On or about May 10 Polk Regional Water Cooperative submitted permit request to Swiftmud for water withdrawals from the Peace River, Peace Creek and Alafia River.

Between May 14 and 21, the Polk Regional Water Cooperative, Polk County and the cities of Bartow, Fort Meade, Lakeland, Wauchula and Winter Haven filed challenges to halt the issuance of the permit, arguing it would foreclose their ability to use water from the river to meet their future water needs.

On Sept. 19, Swiftmud officials attended the PRWC meeting to propose an alternative future water supply consisting of wells in southeastern Hillsborough County that might become a possible new water source if a pilot project to pump treated sewage underground to create a freshwater barrier to salt water intrusion works. They set up an Oct. 3 information meeting for PRWC members to get more information.

The Oct. 3 meeting occurred, but only Davenport representatives attended following an email circulated by Ryan Taylor, PRWC’s executive director, urging members not to attend because of alleged concerns that it would interfere with a mediation meeting scheduled for Oct. 8.

The Oct. 8 closed-door mediation meeting occurred as scheduled. Swiftmud officials said the parties are at an impasse, but PRWC officials disputed that.

In the meantime, without a settlement, the case will go to a formal hearing next year. The full cost to the taxpayers will be unknown until it’s over.

Swiftmud officials have lobbied Polk officials to avoid another lengthy and costly water war, similar to those that raged in the Tampa Bay area decades ago.

The Swiftmud meeting will be held at the agency’s Brooksville headquarters, beginning at 9 a.m. You can go to Swiftmud’s website and view the meeting online.

It will be interesting to hear what board members—particularly those from the counties involved—say about this issue.

Kathleen Project Vote Sharpens Development Debate

Tuesday’s 4-1 rejection of urban density in a rural corner of the Kathleen area by the Polk County Commission highlighted the various way development regulations are interpreted here.

It was unusual that commissioners rejected both the Planning Commission’s split recommendation and the staff’s seemingly unanimous recommendation for approval.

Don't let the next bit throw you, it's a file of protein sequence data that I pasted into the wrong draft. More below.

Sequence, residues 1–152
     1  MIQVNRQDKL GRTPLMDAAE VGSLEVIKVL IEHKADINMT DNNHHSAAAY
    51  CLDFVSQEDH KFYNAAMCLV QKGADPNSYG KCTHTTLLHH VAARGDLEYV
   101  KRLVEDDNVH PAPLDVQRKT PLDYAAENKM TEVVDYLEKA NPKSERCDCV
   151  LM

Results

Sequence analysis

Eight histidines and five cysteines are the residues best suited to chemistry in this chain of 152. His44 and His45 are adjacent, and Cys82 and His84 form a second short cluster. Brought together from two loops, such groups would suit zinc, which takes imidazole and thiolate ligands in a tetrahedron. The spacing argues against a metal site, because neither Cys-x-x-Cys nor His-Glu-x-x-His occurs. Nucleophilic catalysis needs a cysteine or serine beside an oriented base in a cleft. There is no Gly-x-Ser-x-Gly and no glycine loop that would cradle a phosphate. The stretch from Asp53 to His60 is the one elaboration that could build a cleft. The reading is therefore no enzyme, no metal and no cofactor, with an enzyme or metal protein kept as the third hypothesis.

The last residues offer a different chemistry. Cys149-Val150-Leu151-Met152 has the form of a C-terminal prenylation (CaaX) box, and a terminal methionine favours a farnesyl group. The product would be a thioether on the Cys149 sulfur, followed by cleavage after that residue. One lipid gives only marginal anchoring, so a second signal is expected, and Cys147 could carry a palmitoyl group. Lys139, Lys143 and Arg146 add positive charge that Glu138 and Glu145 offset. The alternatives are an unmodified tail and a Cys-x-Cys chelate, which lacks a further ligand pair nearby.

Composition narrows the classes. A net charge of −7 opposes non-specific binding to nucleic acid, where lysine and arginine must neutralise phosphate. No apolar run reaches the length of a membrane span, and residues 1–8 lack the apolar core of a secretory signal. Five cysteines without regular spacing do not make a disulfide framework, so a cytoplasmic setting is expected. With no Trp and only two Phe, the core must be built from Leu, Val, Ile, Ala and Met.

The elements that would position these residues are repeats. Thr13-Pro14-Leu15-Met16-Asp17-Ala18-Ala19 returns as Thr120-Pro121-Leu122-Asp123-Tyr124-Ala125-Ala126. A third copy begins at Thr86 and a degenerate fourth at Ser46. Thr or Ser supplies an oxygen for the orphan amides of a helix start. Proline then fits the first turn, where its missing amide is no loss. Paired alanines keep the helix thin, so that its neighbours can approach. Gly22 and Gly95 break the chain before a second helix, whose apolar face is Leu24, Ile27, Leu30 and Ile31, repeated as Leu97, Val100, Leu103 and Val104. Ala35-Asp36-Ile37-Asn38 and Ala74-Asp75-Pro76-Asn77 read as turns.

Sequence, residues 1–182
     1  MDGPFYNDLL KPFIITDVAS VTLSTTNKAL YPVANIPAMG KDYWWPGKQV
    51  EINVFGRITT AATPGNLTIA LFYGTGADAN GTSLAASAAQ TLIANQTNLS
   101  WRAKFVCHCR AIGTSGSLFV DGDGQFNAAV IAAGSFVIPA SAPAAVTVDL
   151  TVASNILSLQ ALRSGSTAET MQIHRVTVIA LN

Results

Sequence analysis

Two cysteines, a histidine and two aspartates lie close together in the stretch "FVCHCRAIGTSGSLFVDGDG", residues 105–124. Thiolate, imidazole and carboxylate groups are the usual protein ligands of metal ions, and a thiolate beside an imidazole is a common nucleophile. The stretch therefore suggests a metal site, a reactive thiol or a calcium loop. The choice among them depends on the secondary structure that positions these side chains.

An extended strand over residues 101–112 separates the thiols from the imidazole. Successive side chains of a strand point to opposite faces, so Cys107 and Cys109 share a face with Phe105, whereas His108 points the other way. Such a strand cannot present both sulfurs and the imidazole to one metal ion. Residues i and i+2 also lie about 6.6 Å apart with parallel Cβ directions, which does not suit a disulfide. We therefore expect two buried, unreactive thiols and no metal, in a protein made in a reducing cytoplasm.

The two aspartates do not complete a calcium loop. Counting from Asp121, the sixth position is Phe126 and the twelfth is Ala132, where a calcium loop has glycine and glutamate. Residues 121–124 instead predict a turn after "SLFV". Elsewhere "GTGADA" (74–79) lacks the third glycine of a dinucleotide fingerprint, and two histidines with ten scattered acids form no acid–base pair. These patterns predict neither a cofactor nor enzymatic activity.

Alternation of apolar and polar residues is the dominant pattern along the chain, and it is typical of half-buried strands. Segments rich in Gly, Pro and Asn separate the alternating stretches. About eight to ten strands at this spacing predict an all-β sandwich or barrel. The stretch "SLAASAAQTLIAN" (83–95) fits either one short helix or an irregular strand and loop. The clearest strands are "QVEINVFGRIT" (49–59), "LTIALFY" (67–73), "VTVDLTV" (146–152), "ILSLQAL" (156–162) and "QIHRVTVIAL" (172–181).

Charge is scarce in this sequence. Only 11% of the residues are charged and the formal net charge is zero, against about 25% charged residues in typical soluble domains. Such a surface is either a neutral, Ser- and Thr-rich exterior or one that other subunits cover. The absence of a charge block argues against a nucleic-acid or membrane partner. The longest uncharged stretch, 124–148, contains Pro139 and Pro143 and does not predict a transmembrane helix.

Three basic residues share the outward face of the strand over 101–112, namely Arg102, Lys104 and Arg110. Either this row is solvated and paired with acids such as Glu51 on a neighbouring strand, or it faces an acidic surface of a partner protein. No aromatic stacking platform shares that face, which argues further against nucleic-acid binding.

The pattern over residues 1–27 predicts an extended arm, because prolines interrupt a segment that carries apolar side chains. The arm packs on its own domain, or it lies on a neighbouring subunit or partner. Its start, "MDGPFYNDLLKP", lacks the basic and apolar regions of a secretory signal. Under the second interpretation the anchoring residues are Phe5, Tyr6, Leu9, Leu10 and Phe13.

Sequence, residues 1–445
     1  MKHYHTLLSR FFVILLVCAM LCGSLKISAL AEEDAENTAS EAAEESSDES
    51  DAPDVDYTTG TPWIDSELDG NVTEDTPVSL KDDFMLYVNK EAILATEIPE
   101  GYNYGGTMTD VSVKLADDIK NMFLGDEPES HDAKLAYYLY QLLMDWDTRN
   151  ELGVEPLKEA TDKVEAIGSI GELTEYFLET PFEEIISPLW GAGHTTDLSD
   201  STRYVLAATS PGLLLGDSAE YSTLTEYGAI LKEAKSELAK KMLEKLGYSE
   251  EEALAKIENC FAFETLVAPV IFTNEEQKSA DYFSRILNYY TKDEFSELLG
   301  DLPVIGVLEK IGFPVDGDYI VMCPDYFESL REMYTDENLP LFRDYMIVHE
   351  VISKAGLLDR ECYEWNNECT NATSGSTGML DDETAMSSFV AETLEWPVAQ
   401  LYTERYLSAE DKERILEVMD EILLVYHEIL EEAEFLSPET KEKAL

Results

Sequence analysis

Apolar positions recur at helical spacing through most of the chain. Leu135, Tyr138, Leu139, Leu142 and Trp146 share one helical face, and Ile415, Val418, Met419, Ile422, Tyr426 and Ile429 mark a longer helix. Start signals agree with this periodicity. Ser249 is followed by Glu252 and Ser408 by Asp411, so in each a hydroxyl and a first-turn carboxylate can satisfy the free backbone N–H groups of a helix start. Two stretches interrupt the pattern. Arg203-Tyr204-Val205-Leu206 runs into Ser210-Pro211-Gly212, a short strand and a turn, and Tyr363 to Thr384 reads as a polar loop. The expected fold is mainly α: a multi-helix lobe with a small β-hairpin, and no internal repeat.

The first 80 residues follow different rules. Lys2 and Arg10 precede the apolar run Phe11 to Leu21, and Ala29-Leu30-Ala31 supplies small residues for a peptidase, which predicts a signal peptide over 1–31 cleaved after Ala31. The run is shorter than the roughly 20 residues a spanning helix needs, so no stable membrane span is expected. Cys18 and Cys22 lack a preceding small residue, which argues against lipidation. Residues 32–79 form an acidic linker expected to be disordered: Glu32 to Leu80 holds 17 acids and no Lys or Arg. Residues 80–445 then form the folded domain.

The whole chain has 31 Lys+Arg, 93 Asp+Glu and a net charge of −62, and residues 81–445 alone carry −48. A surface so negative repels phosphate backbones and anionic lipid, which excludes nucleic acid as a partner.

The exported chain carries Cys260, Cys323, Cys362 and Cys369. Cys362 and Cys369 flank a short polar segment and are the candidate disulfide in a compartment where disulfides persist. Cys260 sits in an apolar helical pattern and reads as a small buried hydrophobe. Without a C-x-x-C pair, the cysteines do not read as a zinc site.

Commissioner George Lindsey’s dissent focused on the way the rules are set up to justify and to accommodate development, which he argued should guide decision-making.

He argued that it seems inequitable that a developer should be advised how to make a project compliant with the existing regulations only to face denial.

But the reality is that in many cases the staff report reflects an effort supported by county policy to accommodate development applicants to devise a rationalization for approving applications.

The window for that rationalization is the result of the way Lindsey and his colleagues in the development community lobbied commissioners to write development regulations that contained provisions such as the one that was at the heart of Tuesday’s case.

So instead of staff report that criticized a plan that would plop 5,000-square-foot lots next to 200,000-square-foot lots, there was a staff report that emphasized a provision in the development code that authorized the ability to transfer the imaginary density on undevelopable sections of property to the developable sections through something called density bonus points.

This flies in the face of traditional philosophy that if you bought a swamp, that was your problem, not the county’s.

Lindsey called for a work session to clarify what the rules should be to provide more certainty for applicants.

But it seems that if there are regulations that guarantee approval, you might wonder why have a public hearing at all.

Perhaps what’s needed is a review that results in a development code with fewer loopholes that gives property owners in the path of new development a little more certainty.



Polk’s Permissive Development Regs At Center of Tuesday Hearing